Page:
On Thursday, the judges spent most of their time either questioning Campbell or debating whether the plaintiffs sued the correct person and had legal standing for the court to intervene. The case has taken 10 years to reach this point, partly because another 10th Circuit panel in 2009 ruled the plaintiffs incorrectly sued the governor and attorney general and directed them to name a different party. The plaintiffs then sued the county clerk who denied them a marriage license.
The panel allowed the hearing to run 13 minutes over its 30-minute limit so it could further question Campbell on his arguments.
Oklahoma voters overwhelmingly approved that state's gay marriage ban in 2004. A federal judge in January ruled that the ban violated the constitutional rights of gays, triggering the appeal. That is almost identical to the Utah case, in which a federal judge struck down that state's 2004 voter-approved gay marriage ban in December.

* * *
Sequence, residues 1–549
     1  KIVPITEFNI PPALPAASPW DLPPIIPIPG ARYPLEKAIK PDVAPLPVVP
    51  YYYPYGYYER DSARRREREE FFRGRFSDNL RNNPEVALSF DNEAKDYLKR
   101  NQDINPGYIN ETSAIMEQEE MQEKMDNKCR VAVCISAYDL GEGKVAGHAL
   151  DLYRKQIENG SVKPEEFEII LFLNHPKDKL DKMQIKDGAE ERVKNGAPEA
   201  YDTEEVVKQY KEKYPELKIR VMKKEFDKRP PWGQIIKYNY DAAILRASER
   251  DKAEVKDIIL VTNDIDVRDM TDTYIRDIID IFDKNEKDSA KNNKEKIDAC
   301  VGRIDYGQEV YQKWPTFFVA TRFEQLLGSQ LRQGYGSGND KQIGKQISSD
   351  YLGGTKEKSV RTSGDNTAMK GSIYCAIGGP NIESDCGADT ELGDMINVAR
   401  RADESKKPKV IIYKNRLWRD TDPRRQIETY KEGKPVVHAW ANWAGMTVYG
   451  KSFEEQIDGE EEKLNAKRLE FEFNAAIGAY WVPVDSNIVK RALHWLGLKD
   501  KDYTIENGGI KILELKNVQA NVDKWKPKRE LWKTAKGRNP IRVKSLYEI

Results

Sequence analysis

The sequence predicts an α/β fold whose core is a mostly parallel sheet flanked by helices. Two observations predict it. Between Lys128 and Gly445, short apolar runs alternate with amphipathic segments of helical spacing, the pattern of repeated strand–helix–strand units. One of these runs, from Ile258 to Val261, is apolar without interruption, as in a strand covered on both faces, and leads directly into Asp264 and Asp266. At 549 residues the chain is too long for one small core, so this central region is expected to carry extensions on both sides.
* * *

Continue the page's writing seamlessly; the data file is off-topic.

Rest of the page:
Legal experts say the Oklahoma and Utah cases are almost identical, though Utah does not have the same standing issues as Oklahoma. The justices' decision likely will pivot on the level of deference they believe a court should give voters to deny a group of people the ability to marry.
It might be months before a written ruling is issued. Similar appeals are working their way through four other appellate court circuits, and it is unclear which case would next reach the Supreme Court, which likely will have the final word on the issue.
Two of the plaintiffs in the Oklahoma case, Sharon Baldwin and Mary Bishop, told reporters outside the courthouse that they wanted to marry but have made a point of trying to change the law in their home state rather than travel to one of the 17 states that permits gay marriage.
"We believe that history and justice are on our side, and that is something that no amount of tradition can overcome," Baldwin said.
Campbell told reporters he also felt the hearing went well but declined to make a prediction based on the judges' questioning.
"I don't play the game of reading judges," Campbell said. "It's a dangerous game."
Associated Press writer Colleen Slevin contributed to this report.